The Lockdown: Engineered Economic Depression, The Globalization of Poverty

The following text is Chapter IV of Michel Chossudovsky E-Book.

To access the full document consisting of 10 chapters click below.

The 2020-21 Worldwide Corona Crisis: Destroying Civil Society, Engineered Economic Depression, Global Coup d’État and the “Great Reset”

 

 

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At the time of writing, there are essentially four distinct phases in the engineered destabilization of the global economy.

  • The First phase was launched in late January, when the Trump administration announced (Jan 31, 2020) that it will deny entry to foreign nationals “who have traveled in China in the last 14 days”. This immediately triggered a crisis in air transportation. China-US trade as well as the tourism industry were affected.
  • The second phase was initiated on February 20th 2020, following WHO Director General’s  Dr. Tedros warning that a pandemic was imminent, which served to trigger the beginning of the 2020 Corona Financial crash.
  • The third Phase was launched with the March 11, 2020 lockdown and closing down of 190 national economies, with devastating social consequences and
  • A Fourth phase was initiated in October-November coinciding with the so-called “Second Wave”.
  • A “Third Wave” was launched in early 2021.

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The Disruption of US-China Trade 

Trump’s decision on January 31, 2020 was taken immediately following the announcement by the WHO Director General of a Public Health Emergency of International Concern (PHEIC) (January 30, 2020). In many regards, this was an act of “economic warfare” against China.

And then, following Trump’s January 31st 2020 decision to curtail air travel and transportation to China, a campaign was launched in Western countries against China as well against ethnic Chinese. The Economist reported  that “The coronavirus spreads racism against and among ethnic Chinese”

“Britain’s Chinese community faces racism over coronavirus outbreak”

According to the South China Morning Post (Hong Kong):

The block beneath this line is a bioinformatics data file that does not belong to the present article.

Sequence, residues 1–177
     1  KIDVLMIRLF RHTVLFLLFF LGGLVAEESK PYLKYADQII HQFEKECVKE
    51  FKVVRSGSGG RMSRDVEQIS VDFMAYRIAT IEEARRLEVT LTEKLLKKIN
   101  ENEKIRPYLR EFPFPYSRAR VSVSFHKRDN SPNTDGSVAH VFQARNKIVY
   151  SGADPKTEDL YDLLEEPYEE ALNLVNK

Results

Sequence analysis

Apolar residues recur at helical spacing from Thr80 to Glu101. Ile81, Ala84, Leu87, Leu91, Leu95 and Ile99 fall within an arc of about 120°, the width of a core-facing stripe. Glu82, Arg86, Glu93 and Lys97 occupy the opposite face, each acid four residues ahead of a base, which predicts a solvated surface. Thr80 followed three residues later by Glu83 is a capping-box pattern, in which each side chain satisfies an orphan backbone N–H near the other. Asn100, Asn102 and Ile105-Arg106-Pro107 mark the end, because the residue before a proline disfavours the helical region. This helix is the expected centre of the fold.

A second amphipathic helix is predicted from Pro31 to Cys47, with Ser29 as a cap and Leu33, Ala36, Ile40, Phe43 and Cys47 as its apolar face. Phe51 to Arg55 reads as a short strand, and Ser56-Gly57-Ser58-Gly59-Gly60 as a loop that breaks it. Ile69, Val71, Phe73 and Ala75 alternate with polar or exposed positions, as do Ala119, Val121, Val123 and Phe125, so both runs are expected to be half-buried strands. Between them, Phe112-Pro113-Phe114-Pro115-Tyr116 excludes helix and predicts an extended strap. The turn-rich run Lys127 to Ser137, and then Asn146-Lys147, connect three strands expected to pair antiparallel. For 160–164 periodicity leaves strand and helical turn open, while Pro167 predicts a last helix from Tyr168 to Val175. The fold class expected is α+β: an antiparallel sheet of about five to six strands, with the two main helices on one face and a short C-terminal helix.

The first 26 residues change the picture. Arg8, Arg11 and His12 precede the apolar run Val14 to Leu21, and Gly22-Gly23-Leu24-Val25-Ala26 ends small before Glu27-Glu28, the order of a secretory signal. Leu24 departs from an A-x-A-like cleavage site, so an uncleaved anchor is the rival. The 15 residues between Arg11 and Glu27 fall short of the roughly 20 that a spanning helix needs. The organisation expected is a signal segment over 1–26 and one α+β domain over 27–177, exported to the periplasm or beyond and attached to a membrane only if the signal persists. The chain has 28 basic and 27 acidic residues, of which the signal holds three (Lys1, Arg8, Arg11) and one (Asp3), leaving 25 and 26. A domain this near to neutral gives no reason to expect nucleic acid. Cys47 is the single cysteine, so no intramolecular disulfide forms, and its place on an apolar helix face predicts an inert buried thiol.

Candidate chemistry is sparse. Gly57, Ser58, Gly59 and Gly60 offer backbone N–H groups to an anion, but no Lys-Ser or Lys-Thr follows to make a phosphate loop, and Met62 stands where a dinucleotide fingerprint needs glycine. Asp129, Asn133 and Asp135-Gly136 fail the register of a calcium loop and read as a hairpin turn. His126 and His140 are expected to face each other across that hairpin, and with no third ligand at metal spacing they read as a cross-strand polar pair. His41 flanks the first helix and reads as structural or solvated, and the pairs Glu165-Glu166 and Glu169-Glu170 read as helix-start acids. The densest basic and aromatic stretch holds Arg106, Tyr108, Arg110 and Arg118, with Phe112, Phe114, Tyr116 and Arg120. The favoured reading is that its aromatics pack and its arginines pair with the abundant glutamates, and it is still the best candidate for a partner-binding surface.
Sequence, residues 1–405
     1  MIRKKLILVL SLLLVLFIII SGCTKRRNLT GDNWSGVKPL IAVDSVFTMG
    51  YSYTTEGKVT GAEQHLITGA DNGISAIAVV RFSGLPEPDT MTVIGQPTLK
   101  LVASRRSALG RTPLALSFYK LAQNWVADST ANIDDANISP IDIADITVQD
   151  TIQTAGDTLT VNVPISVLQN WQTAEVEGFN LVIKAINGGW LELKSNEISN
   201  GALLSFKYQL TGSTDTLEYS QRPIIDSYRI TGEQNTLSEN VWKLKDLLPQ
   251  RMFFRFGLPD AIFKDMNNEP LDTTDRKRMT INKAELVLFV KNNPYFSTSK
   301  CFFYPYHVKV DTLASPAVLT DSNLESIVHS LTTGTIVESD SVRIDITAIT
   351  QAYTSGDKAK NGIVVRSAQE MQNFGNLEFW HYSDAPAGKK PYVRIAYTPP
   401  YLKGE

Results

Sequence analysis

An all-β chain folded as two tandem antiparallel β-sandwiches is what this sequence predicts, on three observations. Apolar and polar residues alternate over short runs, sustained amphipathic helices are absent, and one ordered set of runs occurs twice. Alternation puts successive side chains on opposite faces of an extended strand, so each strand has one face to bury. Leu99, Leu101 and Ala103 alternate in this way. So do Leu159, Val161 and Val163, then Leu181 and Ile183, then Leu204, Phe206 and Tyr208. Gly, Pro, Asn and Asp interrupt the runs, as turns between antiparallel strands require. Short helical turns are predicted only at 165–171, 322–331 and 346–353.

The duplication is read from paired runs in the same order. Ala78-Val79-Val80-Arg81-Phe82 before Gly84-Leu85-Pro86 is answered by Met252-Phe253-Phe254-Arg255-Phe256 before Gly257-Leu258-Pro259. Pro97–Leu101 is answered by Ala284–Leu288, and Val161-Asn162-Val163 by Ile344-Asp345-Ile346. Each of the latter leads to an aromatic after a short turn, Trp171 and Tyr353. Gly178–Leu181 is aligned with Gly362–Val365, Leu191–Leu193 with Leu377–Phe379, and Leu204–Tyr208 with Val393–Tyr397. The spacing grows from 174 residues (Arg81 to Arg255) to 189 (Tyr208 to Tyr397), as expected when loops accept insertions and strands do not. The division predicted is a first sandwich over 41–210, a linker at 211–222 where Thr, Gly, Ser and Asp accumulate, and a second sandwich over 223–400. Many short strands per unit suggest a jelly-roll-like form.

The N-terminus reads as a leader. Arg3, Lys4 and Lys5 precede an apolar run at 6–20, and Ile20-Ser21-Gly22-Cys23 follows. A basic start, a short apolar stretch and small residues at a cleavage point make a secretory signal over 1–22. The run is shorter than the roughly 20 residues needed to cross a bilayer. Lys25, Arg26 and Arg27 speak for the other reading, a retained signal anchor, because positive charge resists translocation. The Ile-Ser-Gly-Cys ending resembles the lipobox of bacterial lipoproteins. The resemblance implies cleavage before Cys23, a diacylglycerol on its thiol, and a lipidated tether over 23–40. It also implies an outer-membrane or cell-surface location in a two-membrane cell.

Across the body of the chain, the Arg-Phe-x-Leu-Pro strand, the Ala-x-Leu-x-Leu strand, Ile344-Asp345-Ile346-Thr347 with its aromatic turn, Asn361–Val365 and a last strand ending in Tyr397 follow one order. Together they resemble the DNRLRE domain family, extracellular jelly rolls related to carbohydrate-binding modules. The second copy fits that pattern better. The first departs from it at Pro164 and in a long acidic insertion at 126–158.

“Chinese communities overseas are increasingly facing racist abuse and discrimination amid the coronavirus outbreak. Some ethnic Chinese people living in the UK say they experienced growing hostility because of the deadly virus that originated in China.”

And this phenomenon happened all over the U.S.

China Town, San Francisco

US-China Trade. America’s Dependence on “Made in China”

What the Trump administration failed to comprehend is that the United States is heavily dependent on commodity imports from China.

The unspoken truth is that America is an import led economy (resulting from offshoring) with a weak manufacturing base, heavily dependent on imports from the PRC. Despite America’s  financial dominance and the powers of the dollar, there are serious failures in the structure of America’s  “Real Economy” which have been exacerbated by the corona crisis.

US imports from China have declined significantly as a result of the “pandemic”, the impacts on US retail trade are potentially devastating. This process of disruption affecting production, supply lines, international transport started in early February, following Trump’s declaration on January 31st 2020

Political and geopolitical factors played a key role including the anti-Chinese campaign launched in February 2020 as well threats by the Trump administration, claiming that China was responsible for   “spreading the virus”.

The impacts on bilateral US-China trade were devastating: US commodity imports from China declined by 28.3% (average over first three months of 2020 in relation to first 3 months of 2019).